Topical anesthetic cream is associated with spontaneous cutaneous abscess drainage in children

Tara Cassidy-Smith, Rakesh D. Mistry, Christopher J. Russo, Kathryn McCans, Naomi Brown, Lisa M. Capano-Wehrle, Lisa A. Drago, Patty A. Vitale, Brigitte M. Baumann

Research output: Contribution to journalArticlepeer-review

7 Scopus citations

Abstract

Objective: The objective of the study was to determine whether use of topical anesthetic cream increases spontaneous drainage of skin abscesses and reduces the need for procedural sedation. Methods: A retrospective multicenter cohort study from 3 academic pediatric emergency departments was conducted for randomly selected children with a cutaneous abscess in 2007. Children up to 18 years of age were eligible if they had a skin abscess at presentation. Demographics, abscess characteristics, and use of a topical analgesic were obtained from medical records. Results: Of 300 subjects, 58% were female and the median age was 7.8 years (interquartile range, 2-15 years). Mean abscess size was 3.5 ± 2.4 cm, most commonly located on the lower extremity (30%), buttocks (24%), and face (12%). A drainage procedure was required in 178 children, of whom 9 underwent drainage in the operating room. Of the remaining 169 children who underwent emergency department-based drainage, 110 (65%) had a topical anesthetic agent with an occlusive dressing placed on their abscess before drainage. Use of a topical anesthetic resulted in spontaneous abscess drainage in 26 patients, of whom 3 no longer required any further intervention. In the 166 patients who underwent additional manipulation, procedural sedation was required in 26 (24%) of those who had application of a topical anesthetic and in 24 (41%) of those who had no topical anesthetic (odds ratio, 0.45; 95% confidence interval, 0.23-0.89). Conclusions: Topical anesthetic cream application before drainage procedures promotes spontaneous drainage and decreases the need for procedural sedation for pediatric cutaneous abscess patients.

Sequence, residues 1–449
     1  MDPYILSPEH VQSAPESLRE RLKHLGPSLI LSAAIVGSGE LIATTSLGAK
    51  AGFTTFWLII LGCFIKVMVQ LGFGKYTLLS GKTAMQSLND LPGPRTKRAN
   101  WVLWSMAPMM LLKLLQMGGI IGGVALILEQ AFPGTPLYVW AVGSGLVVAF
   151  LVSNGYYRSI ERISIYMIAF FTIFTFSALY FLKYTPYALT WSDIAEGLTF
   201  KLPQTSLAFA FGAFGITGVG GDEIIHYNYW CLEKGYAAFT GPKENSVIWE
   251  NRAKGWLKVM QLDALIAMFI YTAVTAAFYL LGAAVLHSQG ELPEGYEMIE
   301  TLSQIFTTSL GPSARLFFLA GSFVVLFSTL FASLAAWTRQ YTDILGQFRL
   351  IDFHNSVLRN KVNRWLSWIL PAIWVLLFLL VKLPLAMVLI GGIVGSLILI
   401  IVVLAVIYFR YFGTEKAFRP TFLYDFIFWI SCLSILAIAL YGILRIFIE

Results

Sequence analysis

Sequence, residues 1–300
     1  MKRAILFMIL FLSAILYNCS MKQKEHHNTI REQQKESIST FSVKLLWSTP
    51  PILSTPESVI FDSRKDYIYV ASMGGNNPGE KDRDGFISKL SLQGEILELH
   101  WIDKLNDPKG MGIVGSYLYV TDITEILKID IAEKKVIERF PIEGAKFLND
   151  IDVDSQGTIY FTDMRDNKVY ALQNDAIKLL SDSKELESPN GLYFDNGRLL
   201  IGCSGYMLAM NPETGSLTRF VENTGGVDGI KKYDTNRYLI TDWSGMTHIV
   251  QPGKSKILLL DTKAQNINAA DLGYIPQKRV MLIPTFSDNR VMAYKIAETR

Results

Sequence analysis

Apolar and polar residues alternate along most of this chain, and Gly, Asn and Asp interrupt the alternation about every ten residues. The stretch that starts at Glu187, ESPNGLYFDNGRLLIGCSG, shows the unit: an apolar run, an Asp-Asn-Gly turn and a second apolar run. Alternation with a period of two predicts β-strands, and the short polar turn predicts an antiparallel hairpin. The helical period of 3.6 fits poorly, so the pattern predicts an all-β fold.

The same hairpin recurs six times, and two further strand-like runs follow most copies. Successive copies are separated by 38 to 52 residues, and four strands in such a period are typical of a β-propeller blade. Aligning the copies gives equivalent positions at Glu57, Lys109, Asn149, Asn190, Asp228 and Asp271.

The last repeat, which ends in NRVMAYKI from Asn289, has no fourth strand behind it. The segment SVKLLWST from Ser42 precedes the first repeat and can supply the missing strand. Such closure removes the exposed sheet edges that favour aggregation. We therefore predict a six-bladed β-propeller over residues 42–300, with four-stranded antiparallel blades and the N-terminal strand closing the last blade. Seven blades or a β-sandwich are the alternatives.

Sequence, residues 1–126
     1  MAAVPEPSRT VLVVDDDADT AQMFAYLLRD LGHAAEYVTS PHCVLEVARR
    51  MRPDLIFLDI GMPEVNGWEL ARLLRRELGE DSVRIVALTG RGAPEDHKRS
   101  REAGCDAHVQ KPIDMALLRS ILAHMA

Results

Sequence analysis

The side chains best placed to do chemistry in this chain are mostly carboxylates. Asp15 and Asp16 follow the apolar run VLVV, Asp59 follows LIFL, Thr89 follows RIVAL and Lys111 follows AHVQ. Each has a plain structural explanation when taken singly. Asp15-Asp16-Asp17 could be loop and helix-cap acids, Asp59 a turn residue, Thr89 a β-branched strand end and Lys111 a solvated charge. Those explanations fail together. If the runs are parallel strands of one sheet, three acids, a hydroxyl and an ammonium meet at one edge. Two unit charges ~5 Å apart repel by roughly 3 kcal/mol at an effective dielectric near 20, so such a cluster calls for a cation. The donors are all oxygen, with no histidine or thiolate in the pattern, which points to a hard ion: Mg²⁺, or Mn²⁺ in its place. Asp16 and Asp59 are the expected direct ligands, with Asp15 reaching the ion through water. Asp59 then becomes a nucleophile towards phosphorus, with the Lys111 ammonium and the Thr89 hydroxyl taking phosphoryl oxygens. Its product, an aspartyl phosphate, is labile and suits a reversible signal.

Original languageEnglish (US)
Pages (from-to)104-109
Number of pages6
JournalAmerican Journal of Emergency Medicine
Volume30
Issue number1
DOIs
StatePublished - Jan 2012

All Science Journal Classification (ASJC) codes

  • Emergency Medicine

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